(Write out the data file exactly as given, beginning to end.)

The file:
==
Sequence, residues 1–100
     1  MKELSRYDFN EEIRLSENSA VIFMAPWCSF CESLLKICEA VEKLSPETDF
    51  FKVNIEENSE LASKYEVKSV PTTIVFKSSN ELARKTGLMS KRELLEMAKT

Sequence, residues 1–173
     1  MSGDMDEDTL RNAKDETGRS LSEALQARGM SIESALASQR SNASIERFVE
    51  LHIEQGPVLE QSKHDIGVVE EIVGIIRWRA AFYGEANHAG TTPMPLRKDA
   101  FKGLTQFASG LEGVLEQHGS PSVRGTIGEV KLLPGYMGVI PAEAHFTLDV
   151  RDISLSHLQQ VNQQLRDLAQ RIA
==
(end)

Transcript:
Sequence, residues 1–100
     1  MKELSRYDFN EEIRLSENSA VIFMAPWCSF CESLLKICEA VEKLSPETDF
    51  FKVNIEENSE LASKYEVKSV PTTIVFKSSN ELARKTGLMS KRELLEMAKT

Sequence, residues 1–173
     1  MSGDMDEDTL RNAKDETGRS LSEALQARGM SIESALASQR SNASIERFVE
    51  LHIEQGPVLE QSKHDIGVVE EIVGIIRWRA AFYGEANHAG TTPMPLRKDA
   101  FKGLTQFASG LEGVLEQHGS PSVRGTIGEV KLLPGYMGVI PAEAHFTLDV
   151  RDISLSHLQQ VNQQLRDLAQ RIA